Scott LeFresne and his daughter Abbigael (Abbi) LeFresne not only share a special bond as father and daughter – they also share the same job title. Both are primary care paramedics (PCPs) out of Station 856 Dawson Creek. Scott is currently going into his 27th year with BC Emergency Health Services (BCEHS) – and Abbi is in her first year as a full-time PCP.
Abbi grew up around fire trucks and ambulances, with Scott also working as Deputy Fire Chief in Pouce Coupe. She joined BCEHS in May 2022, just five days after completing the class portion of PCP school. She went to new employee orientation and received her PCP license in January 2023. Now, Abbi works at Station 856 as a full-time paramedic and helps her father in his job as a PCP instructor when she can.
“From a young age I was surrounded by people in healthcare,” Abbi says. “I have always been drawn towards it and always knew I wanted to pursue a career in the medical field in some way. I chose to become a paramedic after spending time around my dad and his coworkers and hearing stories of how they truly made a difference in people’s lives, and the family that they made with their co-workers.”
Not only is Sunday, June 18 Father’s Day, but it’s also Abbi’s 21st birthday. To celebrate, she suggested to Scott that they all travel to Mackenzie, a three-hour drive from Dawson Creek, to spend time with her grandfather, a recent widower. Abbi credits her father for being both an inspiring paramedic and father who also taught her the value of family.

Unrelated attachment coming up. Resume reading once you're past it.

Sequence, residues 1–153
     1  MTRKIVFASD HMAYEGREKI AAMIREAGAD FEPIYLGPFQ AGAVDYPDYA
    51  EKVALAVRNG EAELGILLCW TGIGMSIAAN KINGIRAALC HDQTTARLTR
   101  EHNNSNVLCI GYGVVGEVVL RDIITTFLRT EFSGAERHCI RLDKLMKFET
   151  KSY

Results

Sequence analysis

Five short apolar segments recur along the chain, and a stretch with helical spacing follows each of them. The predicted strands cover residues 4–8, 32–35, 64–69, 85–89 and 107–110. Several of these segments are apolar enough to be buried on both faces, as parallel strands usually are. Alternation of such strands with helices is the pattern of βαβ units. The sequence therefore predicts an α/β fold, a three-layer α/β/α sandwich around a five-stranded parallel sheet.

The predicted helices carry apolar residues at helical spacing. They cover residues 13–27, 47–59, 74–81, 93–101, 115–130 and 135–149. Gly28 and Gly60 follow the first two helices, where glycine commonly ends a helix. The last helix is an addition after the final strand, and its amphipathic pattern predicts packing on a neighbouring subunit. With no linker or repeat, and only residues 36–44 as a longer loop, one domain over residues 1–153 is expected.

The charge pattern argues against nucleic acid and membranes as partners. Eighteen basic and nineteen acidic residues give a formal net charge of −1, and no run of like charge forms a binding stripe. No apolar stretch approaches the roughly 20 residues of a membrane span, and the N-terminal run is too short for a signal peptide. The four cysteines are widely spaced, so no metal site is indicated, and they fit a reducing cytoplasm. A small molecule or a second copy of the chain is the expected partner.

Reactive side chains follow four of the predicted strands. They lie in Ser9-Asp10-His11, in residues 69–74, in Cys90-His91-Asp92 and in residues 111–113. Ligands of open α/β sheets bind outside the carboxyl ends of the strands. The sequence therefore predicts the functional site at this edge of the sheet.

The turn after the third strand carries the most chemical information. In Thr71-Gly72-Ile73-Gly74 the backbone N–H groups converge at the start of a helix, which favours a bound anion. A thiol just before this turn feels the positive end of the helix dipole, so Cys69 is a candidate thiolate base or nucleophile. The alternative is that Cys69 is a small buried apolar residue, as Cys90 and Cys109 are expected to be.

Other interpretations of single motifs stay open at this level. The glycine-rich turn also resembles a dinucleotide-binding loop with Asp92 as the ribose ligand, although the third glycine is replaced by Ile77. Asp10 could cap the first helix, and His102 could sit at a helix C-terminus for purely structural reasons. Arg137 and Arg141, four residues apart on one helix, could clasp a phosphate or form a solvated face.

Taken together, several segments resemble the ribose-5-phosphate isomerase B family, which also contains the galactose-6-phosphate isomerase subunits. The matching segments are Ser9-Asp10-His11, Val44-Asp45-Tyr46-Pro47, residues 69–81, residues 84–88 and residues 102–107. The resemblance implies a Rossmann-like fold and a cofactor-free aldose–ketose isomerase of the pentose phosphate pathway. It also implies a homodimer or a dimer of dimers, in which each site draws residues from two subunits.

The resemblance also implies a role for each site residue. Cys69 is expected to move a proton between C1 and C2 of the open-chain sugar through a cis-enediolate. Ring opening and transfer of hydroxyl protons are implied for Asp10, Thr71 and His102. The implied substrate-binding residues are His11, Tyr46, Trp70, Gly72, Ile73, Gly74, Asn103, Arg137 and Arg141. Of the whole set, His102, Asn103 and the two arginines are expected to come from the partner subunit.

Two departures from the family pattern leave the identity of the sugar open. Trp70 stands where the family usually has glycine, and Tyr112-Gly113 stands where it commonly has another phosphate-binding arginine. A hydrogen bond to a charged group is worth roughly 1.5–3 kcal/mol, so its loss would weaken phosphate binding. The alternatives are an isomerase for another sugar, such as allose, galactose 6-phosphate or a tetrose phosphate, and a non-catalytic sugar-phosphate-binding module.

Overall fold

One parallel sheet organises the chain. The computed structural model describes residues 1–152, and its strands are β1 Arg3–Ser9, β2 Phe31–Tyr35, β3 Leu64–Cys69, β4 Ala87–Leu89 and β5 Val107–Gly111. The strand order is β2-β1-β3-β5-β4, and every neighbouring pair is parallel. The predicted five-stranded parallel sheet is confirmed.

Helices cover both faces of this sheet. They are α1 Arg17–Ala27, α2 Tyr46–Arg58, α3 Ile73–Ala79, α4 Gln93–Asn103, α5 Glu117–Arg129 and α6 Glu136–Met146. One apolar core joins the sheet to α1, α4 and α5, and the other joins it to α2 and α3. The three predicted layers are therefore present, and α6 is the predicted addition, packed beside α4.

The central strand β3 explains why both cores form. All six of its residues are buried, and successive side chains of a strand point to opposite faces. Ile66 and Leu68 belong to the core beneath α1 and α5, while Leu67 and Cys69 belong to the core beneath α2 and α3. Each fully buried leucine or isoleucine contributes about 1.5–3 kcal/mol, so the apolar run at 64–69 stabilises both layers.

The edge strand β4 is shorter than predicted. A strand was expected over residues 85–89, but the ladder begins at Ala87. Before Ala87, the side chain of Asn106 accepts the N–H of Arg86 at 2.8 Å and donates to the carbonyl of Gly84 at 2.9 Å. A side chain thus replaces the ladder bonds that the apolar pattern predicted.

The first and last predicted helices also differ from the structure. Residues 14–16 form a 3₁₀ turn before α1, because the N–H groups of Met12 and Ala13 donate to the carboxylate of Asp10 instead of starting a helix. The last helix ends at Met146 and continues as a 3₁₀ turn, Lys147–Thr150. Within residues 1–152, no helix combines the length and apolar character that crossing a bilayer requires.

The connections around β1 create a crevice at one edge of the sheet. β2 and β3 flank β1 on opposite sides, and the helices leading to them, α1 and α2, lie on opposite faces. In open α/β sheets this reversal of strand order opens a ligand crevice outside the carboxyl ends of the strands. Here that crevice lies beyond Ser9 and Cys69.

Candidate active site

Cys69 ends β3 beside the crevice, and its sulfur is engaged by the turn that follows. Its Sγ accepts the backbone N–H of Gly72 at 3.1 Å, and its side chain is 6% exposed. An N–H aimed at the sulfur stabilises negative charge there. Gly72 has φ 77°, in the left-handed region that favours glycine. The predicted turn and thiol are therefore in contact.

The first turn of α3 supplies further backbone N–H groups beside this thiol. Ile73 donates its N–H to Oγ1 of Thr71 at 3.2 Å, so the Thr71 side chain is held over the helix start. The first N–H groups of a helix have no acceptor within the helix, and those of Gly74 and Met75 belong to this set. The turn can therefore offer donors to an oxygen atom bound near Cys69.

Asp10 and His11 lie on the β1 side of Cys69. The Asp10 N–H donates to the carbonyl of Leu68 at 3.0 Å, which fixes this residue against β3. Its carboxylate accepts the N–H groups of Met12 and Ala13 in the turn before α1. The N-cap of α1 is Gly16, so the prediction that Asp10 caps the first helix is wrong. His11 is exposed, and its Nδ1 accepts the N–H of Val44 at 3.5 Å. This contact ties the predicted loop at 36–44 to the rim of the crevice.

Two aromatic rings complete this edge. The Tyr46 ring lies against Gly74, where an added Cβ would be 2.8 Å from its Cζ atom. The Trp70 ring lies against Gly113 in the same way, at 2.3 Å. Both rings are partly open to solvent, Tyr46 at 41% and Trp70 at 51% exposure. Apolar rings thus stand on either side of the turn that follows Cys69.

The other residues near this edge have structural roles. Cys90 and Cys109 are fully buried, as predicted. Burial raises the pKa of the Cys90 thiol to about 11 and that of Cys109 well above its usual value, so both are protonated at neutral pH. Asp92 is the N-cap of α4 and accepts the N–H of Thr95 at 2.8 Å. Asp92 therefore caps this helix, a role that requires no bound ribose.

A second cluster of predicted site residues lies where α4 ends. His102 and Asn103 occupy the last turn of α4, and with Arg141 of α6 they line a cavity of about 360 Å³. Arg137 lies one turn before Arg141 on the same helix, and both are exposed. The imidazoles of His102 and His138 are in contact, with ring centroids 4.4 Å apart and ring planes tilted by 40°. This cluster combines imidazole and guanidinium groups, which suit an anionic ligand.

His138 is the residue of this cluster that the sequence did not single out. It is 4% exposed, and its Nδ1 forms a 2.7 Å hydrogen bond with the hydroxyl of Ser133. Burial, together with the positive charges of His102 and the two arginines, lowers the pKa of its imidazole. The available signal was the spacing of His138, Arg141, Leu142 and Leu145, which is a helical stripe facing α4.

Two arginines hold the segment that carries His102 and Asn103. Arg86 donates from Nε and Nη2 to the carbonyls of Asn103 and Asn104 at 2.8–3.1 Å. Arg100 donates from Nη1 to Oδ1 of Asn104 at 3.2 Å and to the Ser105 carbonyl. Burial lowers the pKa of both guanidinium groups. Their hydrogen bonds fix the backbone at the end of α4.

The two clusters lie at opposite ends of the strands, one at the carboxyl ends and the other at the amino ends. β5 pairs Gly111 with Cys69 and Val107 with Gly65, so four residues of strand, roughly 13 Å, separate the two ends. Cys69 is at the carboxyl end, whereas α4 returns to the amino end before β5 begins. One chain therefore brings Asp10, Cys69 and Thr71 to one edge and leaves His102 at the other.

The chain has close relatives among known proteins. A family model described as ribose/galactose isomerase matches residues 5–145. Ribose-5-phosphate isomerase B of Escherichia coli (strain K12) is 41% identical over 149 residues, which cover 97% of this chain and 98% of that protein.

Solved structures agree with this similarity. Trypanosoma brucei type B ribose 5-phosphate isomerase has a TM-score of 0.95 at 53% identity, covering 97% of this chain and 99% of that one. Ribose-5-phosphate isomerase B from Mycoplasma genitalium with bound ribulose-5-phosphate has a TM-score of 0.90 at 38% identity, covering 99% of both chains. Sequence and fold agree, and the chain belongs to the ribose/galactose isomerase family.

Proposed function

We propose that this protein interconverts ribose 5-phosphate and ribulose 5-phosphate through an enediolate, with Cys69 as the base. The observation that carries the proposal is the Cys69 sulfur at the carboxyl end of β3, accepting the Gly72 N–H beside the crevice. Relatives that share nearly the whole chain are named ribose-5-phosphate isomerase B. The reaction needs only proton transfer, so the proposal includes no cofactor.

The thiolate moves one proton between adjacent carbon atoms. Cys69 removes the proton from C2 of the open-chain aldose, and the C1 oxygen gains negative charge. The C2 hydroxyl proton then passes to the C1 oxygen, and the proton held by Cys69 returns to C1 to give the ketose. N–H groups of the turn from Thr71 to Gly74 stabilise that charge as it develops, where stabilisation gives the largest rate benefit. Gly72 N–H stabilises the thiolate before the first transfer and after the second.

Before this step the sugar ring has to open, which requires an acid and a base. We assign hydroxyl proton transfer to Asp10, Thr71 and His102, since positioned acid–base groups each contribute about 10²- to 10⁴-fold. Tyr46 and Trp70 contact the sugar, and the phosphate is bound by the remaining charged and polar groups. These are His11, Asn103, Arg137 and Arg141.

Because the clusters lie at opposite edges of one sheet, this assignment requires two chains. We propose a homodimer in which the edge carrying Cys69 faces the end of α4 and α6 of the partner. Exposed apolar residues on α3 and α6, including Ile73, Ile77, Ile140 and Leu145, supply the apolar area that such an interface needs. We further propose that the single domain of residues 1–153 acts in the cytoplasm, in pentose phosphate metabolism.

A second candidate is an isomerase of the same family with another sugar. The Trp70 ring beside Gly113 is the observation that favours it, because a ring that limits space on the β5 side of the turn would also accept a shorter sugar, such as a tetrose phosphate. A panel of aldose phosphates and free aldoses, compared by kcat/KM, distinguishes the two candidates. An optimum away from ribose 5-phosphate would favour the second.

“My dad is the reason I became a paramedic,” she says. “He has been a paramedic for over 27 years now and the passion he has for the profession is astounding.”
Scott is currently on leave after suffering a shoulder injury on Abbi’s last day of new employee orientation.
“Coming into the station as a 19 year old was one thing, but coming into a station where my dad has worked for 15 plus years and being known as ‘Scott’s daughter’ was another,” Abbi says. “I sure had some big shoes to fill.”
But both Scott and Abbi agree that the timing wasn’t all bad.
“I think that my dad being off work was a blessing in disguise,” Abbi says. “It allowed me to come in, make my own path, truly become my own paramedic, and make my dad proud. I cannot wait for the day he’s back at work and I can learn from him and hopefully become even half the paramedic he is.”
The admiration Scott feels for his daughter is mutual.
“It’s bittersweet being off right now,” Scott says, “but the silver lining is I can sit back and watch her grow in the profession. She’s got her own future – I get to watch it with a beaming smile and a super wide chest, knowing that’s my daughter. A year into her job, I go into the station and I’m now known as ‘Abbi’s Dad’. I’m extremely proud of her. She’s an amazing young woman.”